Initially, the Lord meant only for the lobola to be for the payment of deflowerement of virginity. I however feel there would be nothing wrong if parents were to receive limited amounts as marriage presents as ‘tokens’ for repeat marriages for their daughters. Whatever the case, it should be within reasonable limits.

Marriage has its own trials and tribulations. Most infatuated people tend to rush into a marriage prematurely. Infatuation is more of a lust for someone rather than of love. Lust and love are entirely different things. Lust is of a physical nature while real love is spiritual. More often, when a man has exhausted his lust for a woman both the attraction and love for the women tends to diminish and his eyes then start to wander elsewhere. People should not rush to the altar, or to formalize the roora, before gaining adequate knowledge of each other. Take time to understand each other’s habits, strengths, weaknesses and even to dig deep into each other’s backgrounds. Finding each other’s bad traits when already living together is a big cause of some of today’s divorces. Compatibility is always an important factor to be considered before two people rush into a marriage.

Finances also plays a big part in a marriage. Different couples usually come up with different routes on the handling of finances. In situations where both spouses bring in an income, the most logical thing would be to combine both incomes and make all monetary decisions from one pot. Regrettably, lots of couples don’t operate this way, resulting in cracks and divisions within other arrangements.

Communication is another very important factor in any marriage. Guiding each other in areas of interest is crucial, but avoid enforcing your own views on your partner should disagreements occur. Take time to understand your spouse’s point of view. Couples should enable one another to express themselves in situations where they feel aggrieved. Bottling up grievances is unhealthy and adds to some diseases. Being truthful with each other is a crucial element because once the other discovers a lie, all trust can be lost resulting in quarrels or a breakdown of communication altogether.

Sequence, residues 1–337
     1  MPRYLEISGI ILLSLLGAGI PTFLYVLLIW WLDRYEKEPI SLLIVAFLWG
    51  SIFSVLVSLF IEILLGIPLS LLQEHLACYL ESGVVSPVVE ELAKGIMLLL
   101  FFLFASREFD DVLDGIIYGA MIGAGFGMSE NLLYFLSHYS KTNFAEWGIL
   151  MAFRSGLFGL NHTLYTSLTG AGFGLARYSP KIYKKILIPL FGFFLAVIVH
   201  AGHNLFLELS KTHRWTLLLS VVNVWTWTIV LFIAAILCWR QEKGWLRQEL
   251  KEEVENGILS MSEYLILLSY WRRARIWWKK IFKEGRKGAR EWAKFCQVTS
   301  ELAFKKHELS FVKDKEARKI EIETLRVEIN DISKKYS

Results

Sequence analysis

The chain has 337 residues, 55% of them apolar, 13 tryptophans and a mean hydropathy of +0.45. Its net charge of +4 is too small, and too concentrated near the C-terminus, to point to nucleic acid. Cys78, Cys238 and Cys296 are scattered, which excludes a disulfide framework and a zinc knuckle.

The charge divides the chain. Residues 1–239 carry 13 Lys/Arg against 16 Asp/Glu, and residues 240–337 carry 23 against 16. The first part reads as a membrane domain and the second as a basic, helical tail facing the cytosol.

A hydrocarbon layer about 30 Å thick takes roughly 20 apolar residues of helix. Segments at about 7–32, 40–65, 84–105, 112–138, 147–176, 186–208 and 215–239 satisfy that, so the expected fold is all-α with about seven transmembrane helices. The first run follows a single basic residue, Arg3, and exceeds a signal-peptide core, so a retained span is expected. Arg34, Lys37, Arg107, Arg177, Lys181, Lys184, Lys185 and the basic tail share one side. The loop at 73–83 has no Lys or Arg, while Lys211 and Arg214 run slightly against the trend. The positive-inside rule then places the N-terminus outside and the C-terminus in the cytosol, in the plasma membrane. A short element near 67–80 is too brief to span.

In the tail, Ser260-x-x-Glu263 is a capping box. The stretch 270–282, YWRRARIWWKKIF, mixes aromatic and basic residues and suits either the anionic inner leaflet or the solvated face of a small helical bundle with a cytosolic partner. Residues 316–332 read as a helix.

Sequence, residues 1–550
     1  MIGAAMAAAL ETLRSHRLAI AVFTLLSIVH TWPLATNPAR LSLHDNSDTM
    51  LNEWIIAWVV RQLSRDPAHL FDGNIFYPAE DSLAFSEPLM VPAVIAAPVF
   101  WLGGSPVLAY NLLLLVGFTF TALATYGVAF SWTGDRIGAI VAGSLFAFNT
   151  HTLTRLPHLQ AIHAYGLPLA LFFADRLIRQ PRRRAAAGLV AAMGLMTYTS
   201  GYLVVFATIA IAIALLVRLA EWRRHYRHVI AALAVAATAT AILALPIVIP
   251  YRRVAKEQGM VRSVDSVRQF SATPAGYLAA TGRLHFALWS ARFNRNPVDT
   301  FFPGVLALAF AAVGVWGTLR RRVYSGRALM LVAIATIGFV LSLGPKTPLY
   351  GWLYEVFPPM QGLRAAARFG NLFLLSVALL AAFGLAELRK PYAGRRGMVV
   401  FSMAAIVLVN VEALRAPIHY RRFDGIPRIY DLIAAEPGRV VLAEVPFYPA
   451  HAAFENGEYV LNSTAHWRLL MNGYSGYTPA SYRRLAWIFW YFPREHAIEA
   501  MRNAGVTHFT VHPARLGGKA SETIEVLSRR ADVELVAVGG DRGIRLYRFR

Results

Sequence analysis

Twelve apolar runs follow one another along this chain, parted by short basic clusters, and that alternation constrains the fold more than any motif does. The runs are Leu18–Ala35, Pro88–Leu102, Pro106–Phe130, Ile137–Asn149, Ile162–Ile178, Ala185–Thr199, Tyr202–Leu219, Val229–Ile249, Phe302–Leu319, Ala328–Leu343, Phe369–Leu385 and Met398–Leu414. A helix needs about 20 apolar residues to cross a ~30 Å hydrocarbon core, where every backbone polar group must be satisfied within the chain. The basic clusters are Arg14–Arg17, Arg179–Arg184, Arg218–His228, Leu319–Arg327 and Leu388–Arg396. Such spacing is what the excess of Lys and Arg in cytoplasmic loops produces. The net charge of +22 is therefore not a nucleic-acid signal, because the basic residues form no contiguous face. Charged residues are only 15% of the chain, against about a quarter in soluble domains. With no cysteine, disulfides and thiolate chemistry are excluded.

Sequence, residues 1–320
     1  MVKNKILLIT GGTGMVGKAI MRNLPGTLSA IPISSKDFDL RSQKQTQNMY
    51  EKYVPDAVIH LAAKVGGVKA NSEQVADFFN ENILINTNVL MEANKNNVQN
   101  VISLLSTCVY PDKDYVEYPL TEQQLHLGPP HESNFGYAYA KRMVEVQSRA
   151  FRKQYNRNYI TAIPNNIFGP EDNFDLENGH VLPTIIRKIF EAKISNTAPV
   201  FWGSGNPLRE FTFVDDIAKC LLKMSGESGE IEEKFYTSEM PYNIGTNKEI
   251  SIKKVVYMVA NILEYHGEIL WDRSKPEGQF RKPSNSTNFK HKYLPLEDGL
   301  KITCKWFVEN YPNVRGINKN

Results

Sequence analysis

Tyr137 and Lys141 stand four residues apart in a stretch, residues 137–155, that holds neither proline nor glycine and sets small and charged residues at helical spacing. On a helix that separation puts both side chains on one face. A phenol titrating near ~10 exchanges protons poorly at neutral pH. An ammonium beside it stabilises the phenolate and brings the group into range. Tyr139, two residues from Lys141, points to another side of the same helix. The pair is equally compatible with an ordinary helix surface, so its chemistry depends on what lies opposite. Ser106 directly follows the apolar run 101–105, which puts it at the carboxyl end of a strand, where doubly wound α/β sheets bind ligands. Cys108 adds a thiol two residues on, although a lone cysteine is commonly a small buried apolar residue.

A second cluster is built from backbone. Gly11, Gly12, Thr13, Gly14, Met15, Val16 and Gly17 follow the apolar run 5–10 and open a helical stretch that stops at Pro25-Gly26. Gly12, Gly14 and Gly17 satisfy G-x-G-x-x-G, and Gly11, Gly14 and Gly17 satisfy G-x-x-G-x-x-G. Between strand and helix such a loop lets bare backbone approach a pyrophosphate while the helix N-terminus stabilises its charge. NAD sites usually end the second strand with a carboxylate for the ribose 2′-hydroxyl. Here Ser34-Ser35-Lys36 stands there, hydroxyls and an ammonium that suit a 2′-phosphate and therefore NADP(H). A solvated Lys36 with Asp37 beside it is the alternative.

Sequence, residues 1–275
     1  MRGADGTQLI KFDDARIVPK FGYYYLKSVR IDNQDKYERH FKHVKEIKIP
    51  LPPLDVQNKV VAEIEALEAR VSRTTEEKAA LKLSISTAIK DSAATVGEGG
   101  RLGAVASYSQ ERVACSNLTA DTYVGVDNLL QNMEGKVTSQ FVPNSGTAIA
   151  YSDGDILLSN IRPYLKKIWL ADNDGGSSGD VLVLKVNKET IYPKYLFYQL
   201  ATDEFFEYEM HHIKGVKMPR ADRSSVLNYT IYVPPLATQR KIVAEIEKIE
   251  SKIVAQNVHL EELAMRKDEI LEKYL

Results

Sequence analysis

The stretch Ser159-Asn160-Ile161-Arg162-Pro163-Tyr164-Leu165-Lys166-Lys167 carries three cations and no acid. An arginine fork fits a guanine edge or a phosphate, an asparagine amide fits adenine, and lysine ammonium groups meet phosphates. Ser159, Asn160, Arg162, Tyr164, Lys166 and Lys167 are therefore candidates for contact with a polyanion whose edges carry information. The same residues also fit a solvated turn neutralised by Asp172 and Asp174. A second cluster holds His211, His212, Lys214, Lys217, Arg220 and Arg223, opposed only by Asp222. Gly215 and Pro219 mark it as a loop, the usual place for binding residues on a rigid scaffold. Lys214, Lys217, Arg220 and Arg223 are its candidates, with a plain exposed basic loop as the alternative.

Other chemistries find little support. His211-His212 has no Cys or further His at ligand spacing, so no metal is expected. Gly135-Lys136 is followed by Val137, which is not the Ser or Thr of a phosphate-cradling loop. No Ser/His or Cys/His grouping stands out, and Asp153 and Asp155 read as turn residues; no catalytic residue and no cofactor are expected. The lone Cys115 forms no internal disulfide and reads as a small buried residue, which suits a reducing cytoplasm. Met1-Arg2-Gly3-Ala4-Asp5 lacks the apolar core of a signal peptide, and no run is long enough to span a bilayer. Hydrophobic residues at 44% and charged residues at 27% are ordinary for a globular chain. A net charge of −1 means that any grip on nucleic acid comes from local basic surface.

Even after waiting long enough and gaining enough knowledge about your partner’s habits before marriage, avoid entering into the marriage with a view of changing your partner’s entrenched or unliked character. Failure to change it will result in frustration and disappointment plus a change in attitude. Accept the other’s weaknesses and learn to live with them even if they can’t be altered. When you do wrong, it is always important to apologise for the sake of bringing back peace. Seeking professional counseling or resolving disputes through relatives should be the last port of call.

Love is the most important aspect that binds people together. Expressions of love towards each other help to sustain a union in the most difficult of times. Telling your partner of your love as often as possible acts like the mature that fertilizes the fields.

The people you surround yourself with have a lot of influence on your marriage. While you can make some friends outside your marriage, your best friend in your life should be your spouse. Spend most of your spare time together. Friends and relatives can build or break your marriage, so choose who to associate with very wisely. Advice from friends and relatives may be very sincere, but if that advice is merely theoretical and not based on real life experiences, it might bring disastrous results. There is nothing wrong on seeking advice from people, but it is important to seek the right people for each of your problem.

Avoid comparing your marriage with that of others. People fair differently in life, so do marriages. There is no perfect marriage. Marriage is hard work and perseverance. It is a delicate matter, so it should be handled with care. Nobody can predict what will happen after marriage as situations can change such that adjustments are then required and some hoped for dreams put on hold. Thinking that you can do it better alone destroys marriages.

There are times when all hope is lost in trying to keep a marriage alive. Rather than throwing down the gauntlet and quitting, please seek guidance in prayer to the last port of call and the solid line of defence i.e. from the Lord our God. Place your marriage in His hands for protection and success.

l Prosper Tingini is the President of the Children of God Missionary Assembly. Registration in progress for those who wish to undertake Bible Studies or train as Ministers of Religion. Contact 0771 260 195 or email: ptingini@gmail.com